Thursday, December 13, 2007

Car companies win concession (sort of) in the pending Senate energy bill -- but will it mean anything but more lawsuits?

For those of you following the energy bill, please note the “colloquy” this morning between Senators Levin, Feinstein and Inouye.

You will recall that Senator Levin was shopping an amendment on behalf of the car companies to torpedo efforts by the US EPA and states, led by California, to limit greenhouse gases.

That amendment was not adopted in the bill, but an arcane compromise was cooked up.

These senators had a “colloquy” explaining their interpretation of the Senate fuel economy provisions. In that staged discussion, Feinstein and Inouye agree with Levin that any EPA greenhouse gas rules should be "consistent" with the Department of Transportation fuel economy requirements included in the Senate energy bill.

At first glance, it seems pretty disappointing. What the heck was Feinstein thinking? This staged discussion doesn’t exactly bolster California’s position in seeking to enforce its greenhouse gas standards. The legal experts will be arguing over this stuff for years!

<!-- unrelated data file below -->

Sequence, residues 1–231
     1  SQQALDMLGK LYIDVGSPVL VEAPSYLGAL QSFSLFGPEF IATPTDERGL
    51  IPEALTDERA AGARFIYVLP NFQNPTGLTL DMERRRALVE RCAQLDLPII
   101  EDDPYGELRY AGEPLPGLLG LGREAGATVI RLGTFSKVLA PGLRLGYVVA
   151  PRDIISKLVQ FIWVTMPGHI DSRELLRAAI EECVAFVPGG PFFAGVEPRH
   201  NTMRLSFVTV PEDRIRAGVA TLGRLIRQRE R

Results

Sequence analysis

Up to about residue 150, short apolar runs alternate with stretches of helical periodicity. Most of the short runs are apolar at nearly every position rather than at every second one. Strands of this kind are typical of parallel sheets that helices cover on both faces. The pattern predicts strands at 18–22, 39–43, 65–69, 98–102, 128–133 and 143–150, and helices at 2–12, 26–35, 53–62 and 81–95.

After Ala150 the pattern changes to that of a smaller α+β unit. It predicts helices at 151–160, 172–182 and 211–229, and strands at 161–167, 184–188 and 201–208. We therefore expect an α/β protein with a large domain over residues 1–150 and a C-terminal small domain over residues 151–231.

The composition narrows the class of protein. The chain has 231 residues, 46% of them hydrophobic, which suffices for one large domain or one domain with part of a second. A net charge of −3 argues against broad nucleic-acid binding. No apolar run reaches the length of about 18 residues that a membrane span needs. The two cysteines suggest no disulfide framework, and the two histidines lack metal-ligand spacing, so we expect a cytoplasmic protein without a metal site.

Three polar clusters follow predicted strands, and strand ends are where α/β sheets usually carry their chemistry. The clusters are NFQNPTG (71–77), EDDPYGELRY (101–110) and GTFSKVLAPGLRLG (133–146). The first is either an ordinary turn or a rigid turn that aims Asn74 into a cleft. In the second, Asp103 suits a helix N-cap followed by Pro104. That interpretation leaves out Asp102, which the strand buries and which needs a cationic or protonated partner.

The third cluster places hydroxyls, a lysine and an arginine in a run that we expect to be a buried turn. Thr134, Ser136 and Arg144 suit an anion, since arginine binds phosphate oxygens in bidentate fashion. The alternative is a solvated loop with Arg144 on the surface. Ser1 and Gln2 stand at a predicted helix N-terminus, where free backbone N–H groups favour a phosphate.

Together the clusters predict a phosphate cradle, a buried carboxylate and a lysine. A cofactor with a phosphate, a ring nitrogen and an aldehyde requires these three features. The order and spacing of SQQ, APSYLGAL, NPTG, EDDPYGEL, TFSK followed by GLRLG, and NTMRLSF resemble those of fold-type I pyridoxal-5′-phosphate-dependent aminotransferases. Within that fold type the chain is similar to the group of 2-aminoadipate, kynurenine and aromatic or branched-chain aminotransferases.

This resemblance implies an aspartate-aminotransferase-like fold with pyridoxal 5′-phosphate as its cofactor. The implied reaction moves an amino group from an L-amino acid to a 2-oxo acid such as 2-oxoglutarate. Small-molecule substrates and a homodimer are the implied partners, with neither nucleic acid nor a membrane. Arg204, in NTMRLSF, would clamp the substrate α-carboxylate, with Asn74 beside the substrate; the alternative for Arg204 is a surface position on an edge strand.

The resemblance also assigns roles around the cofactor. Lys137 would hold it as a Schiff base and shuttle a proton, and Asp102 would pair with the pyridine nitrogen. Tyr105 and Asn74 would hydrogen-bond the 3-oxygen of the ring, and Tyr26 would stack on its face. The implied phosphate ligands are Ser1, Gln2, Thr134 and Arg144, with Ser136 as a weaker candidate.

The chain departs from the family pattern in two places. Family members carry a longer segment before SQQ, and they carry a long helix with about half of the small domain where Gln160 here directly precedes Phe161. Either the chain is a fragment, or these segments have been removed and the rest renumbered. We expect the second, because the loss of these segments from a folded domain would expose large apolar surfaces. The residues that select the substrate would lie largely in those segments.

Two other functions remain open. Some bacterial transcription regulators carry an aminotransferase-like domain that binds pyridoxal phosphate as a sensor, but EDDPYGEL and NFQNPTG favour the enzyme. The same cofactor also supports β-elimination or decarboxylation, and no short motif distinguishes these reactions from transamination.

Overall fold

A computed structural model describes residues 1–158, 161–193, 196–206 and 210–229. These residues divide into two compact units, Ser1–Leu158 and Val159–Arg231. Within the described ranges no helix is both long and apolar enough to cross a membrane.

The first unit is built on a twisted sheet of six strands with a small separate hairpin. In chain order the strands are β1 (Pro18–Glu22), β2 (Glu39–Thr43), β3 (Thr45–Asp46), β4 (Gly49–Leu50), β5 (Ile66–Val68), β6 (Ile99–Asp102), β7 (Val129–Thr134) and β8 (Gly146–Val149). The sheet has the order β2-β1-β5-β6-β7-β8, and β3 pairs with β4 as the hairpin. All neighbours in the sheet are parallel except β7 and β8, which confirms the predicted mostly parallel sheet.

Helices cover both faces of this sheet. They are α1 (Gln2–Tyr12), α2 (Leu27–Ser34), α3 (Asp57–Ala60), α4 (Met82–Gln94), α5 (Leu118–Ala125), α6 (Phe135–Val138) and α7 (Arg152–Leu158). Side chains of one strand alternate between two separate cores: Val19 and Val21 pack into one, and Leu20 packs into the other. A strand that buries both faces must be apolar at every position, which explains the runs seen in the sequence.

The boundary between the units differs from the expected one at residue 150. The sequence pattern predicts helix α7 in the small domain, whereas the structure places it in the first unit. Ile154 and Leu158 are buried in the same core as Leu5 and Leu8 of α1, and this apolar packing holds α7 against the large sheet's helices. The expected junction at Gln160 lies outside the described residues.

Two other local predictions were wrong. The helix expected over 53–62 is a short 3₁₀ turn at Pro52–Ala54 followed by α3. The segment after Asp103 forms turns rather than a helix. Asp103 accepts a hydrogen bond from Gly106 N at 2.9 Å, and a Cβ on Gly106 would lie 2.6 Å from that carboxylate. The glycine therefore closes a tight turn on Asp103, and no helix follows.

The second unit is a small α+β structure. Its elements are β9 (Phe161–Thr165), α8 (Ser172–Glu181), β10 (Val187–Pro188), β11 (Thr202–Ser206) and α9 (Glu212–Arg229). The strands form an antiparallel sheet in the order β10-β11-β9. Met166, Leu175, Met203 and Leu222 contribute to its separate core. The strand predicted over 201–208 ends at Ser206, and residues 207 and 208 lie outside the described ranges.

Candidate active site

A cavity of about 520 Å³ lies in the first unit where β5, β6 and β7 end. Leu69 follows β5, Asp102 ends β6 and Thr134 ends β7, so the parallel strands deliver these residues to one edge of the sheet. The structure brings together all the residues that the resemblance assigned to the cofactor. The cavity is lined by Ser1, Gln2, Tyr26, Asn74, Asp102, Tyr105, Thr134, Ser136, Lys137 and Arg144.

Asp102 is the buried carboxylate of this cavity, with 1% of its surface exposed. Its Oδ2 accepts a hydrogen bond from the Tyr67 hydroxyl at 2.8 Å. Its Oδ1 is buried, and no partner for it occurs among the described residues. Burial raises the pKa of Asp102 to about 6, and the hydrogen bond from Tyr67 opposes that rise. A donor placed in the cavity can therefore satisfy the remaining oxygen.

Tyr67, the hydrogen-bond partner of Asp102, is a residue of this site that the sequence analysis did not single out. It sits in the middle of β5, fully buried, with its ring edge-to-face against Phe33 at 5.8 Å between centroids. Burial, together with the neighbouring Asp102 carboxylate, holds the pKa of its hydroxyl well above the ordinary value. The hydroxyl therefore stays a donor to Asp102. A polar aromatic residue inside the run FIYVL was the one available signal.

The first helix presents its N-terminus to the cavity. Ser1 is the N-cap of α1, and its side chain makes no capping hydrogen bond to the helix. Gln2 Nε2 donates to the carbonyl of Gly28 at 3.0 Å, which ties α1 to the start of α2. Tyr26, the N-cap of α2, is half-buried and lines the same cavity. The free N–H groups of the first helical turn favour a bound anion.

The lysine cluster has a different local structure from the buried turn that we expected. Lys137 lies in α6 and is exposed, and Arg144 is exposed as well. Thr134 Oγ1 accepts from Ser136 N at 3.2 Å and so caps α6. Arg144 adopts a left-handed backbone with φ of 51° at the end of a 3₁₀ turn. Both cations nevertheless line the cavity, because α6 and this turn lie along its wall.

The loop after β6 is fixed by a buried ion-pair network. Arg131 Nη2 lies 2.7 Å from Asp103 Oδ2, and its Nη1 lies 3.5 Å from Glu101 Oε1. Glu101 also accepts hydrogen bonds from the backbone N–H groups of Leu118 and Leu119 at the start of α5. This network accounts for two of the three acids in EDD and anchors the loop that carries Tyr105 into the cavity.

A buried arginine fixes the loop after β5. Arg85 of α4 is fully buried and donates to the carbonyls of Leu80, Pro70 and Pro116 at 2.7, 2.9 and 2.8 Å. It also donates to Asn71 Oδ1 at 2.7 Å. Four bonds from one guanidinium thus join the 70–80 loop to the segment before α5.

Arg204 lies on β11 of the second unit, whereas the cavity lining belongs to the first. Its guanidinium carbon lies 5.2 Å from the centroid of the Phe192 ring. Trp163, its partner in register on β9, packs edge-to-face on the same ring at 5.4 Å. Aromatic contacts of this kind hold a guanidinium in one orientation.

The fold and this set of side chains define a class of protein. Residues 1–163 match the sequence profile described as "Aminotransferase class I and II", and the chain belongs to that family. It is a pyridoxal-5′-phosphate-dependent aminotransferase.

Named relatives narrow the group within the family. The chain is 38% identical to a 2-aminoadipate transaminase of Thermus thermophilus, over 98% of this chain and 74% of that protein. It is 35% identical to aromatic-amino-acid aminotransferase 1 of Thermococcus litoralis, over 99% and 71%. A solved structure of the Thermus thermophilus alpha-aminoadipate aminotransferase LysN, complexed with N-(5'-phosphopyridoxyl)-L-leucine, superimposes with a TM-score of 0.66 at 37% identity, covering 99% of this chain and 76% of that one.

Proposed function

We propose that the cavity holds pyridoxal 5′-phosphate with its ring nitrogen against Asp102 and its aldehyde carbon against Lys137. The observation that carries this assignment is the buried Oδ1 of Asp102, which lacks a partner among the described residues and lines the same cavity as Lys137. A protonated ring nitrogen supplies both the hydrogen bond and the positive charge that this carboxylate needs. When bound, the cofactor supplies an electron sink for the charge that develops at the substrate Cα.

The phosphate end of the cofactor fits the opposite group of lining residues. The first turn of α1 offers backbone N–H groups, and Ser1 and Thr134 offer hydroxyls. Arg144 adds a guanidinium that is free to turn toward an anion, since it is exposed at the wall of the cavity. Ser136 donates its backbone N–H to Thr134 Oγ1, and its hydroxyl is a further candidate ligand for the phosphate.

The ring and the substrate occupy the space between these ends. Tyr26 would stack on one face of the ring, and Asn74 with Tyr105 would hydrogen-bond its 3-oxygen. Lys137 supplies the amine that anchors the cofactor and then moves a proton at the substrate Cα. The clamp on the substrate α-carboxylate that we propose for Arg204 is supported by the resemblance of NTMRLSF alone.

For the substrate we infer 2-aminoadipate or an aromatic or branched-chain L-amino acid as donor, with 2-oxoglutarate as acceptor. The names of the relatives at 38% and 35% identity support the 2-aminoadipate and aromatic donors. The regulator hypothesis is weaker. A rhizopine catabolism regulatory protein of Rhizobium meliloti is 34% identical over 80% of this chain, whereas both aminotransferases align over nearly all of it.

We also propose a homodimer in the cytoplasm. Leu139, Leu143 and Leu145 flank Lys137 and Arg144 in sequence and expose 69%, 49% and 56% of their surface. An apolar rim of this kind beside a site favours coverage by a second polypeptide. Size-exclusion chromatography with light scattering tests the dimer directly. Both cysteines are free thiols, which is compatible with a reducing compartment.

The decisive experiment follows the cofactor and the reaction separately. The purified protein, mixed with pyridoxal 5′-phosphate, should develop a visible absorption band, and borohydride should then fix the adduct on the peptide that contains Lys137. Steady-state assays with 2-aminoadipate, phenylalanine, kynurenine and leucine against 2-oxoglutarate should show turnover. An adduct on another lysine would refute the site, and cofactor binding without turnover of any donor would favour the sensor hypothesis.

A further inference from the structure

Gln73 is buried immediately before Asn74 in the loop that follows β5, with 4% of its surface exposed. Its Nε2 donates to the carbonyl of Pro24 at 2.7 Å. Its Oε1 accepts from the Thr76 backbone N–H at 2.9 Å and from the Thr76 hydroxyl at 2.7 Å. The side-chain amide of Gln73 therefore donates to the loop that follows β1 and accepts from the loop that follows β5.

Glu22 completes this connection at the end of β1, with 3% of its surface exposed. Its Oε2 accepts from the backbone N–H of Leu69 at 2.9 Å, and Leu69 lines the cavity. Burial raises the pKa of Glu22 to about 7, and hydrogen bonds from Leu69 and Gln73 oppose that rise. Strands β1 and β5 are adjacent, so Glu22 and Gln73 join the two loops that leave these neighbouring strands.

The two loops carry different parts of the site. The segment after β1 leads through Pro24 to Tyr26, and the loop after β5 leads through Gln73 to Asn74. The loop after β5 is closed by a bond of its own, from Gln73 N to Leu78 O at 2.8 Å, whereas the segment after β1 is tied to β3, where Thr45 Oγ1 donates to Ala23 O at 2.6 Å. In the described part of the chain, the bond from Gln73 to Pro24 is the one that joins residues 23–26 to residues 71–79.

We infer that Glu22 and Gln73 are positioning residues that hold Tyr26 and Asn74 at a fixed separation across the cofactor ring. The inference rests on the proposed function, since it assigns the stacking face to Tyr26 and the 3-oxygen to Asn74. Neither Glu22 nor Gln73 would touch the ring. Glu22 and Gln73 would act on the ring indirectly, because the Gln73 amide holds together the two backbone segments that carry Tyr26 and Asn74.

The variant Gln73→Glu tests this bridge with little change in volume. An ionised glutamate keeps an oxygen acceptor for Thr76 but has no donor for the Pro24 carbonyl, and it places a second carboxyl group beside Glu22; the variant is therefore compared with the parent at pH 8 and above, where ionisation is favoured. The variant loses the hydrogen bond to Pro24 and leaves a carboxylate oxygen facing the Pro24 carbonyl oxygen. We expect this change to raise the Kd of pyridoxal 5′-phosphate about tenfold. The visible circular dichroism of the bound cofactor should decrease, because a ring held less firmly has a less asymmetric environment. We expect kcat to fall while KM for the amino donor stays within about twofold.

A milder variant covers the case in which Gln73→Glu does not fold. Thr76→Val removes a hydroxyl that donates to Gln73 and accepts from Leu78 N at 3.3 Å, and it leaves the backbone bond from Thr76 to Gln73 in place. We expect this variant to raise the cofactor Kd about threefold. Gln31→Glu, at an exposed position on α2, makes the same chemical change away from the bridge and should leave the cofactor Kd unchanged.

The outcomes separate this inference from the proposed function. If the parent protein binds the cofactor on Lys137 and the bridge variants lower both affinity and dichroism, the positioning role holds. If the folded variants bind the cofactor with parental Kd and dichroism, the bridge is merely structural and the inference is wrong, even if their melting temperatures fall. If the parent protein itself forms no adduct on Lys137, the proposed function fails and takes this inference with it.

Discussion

It could be just a face-saving move for Levin.

But it probably gives the car companies a hook to browbeat EPA and to continue lawsuits against tougher limits on greenhouse gases. They probably won’t have a winning case – look at all the suits on this issue they’ve already lost, including yesterday in California.

In this case, the car companies probably will lose again. The court will probably say that if you wanted to prevent the states from acting you should have said so in the bill itself.

But it’s obviously not the last we’re going to hear about this issue. We expect other lawmakers to state things a little differently -- that this law does not eliminate existing EPA or state authority, which is literally the truth.

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